One of Australia's many enviable attributes is the strength in depth they have developed in their squad. They have just won a series in India - where they hadn't won for 35 years - without their captain and leading batsman. Brett Lee can't find a place in the starting XI, and if Darren Lehmann, one of the best players of spin bowling, steps aside once Ricky Ponting returns, the audaciously nimble-footed Michael Clarke awaits. Meanwhile for Pakistan and Sri Lanka, two of the teams vying to jump onto Australia's lengthy coat-tails, this Test should provide them both with a clearer idea of the talent on their respective benches.
The Sri Lankan camp has recently shown, admirably, an ability to adapt to a post-Murali world. Their series in Australia might have been lost, but progress was made - and in Lasith Malinga, the speedster with the freakish, slingy action, a unique, albeit raw, diamond was unearthed. Sri Lanka took further heart from their victories over South Africa at home, and particularly against Pakistan at Faisalabad, where the left-arm wiles of Ranjan Herath and the pace and swing of Dilhara Fernando proved the strength their attack can muster. But there is considerable progress still to be made, especially over five days. Today, in the windy dustbowl of Karachi, they got a taste of just how difficult the process of adjustment will be after Murali finally mooches off into the sunset.
The pitch, despite some early-morning movement, wasn't exactly as seam-friendly as Sri Lanka's batsmen made it look yesterday, but the cause wasn't helped by some indifferent performances from key bowlers. If Fernando was hot for a session at Faisalabad, he was very cold for all of today, and this contrast has marked much of his career. When he arrived on the scene in 1999, he was a refreshing break from past Sri Lankan pacemen: he was tall, rustically well-built and quicker than most, hovering menacingly on the speedometer in the mid 80s and low 90s. He developed a superb slower ball - with a unique spread-finger grip - and the priceless ability to reverse-swing the ball. But injuries to his back, and continuing problems with his run-up, have resulted not only in a drastic loss of pace - he nestled in the early 80s today - but also effectiveness. At Karachi, where he should have been trying to build on his Faisalabad burst, Fernando sent down 13 harmless overs, struggling both with his line and length.
With Chaminda Vaas having an off day and Herath unable to extract significant spin, Sri Lanka's attack had a bare look about it, and only Farveez Maharoof occasionally threatened. The reliance on Murali has been so great in the past - he has taken 257 wickets in 32 Sri Lankan wins, and 35 of their 37 Test wins have come since his debut - that it is only natural that they will experience difficulties without him. In all probability, there will be a few more days like this before the likes of Maharoof, Fernando and Malinga can start winning Test matches.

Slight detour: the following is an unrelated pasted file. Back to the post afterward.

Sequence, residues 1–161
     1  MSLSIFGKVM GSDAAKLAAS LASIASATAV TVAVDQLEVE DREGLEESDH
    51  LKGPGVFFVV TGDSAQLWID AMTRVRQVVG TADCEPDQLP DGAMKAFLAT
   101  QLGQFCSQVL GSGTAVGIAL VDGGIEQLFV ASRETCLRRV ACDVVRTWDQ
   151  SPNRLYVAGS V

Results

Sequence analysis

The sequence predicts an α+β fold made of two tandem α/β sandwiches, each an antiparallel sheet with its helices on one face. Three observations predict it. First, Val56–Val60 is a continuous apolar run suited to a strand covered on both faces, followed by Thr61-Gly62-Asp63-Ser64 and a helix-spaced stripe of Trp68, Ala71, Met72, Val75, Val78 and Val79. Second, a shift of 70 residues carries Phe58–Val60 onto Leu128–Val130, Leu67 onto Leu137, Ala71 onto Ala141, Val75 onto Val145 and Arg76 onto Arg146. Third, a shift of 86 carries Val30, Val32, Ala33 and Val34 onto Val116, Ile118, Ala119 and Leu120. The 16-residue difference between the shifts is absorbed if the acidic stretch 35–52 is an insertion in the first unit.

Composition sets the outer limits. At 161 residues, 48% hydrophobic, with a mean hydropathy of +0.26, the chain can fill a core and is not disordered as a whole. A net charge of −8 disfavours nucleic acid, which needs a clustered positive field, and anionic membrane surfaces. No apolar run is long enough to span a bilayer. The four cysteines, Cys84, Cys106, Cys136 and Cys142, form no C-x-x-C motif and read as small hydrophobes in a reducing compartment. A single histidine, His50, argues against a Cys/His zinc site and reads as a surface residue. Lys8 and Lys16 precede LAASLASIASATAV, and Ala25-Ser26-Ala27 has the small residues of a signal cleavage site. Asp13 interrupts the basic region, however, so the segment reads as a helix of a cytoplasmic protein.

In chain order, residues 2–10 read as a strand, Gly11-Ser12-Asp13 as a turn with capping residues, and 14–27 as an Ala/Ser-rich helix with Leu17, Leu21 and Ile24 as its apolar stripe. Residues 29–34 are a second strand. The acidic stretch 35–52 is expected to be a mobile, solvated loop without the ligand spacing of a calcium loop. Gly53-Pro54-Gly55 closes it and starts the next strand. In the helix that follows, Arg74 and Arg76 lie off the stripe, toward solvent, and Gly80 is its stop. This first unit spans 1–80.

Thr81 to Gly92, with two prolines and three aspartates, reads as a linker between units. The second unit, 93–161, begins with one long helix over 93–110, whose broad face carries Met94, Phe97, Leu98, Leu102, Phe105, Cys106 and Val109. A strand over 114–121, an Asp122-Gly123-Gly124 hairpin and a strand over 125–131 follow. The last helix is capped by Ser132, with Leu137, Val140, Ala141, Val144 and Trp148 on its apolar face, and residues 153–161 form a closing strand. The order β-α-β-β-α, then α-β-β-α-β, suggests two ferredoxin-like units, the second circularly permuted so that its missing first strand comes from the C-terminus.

Their ineffectiveness shouldn't take too much away from a determined Pakistan batting line-up. If Abdul Razzaq has rekindled hopes that he is more than just a stock bowler behind Shoaib Akhtar and Mohammad Sami, then Younis Khan will also be hoping to look on this match as a rebirth. Like Razzaq, Younis's career has had question-marks attached. Today's century was his sixth in Tests, his third against Sri Lanka and only his second at home, but it was only his second score above 50 in his last seven matches. His innings showcased the strokes that had him rated so highly early in his career. There was the expansive flourish of his one-kneed cover-drives, the punch of his shots square of the wicket, and the ungainly but highly effective sweep. In addition, there was one magnificent pull off Fernando, to reach his fifty, which added a calypso flourish to what had been, with Imran Farhat at the other end, a distinctly Caribbean display of batting in the morning.
There were signs, too, in his 124 of the intelligence - particularly in his change of pace as Inzamam settled down - that once prompted Rashid Latif to identify him as a potential leader. Younis's two fighting fifties against Australia in Colombo in 2002 - more valuable than some of his centuries on flat tracks against the weakened attacks of West Indies and Bangladesh - seemed to back up that idea. But after a disastrous slump in form since, amid increasing doubts about his ability to perform at the crunch, he had lost his way. This was his first Test in over a year, and his 15th at the problematic one-down position. His record at No. 3 was ordinary, although he said after this innings that it was the position in which he feels most comfortable.
Younis may or may not be the long-term solution to the problem, but at least there are now some options. Yasir Hameed was touted as the one to watch last year, and he and Asim Kamal - brusquely dropped after his failures last week - both deserve a look-in. Shoaib Malik might be worth a try there too. And if Taufeeq Umar returns to open, then the competition is likely to heat up even more. But today, at least, Younis Khan grabbed his chance to be Pakistan's second unlikely hero in two days. And as an indicator of the depth of your squad, that can't be a bad thing.
Osman Samiuddin is a freelance journalist based in Karachi.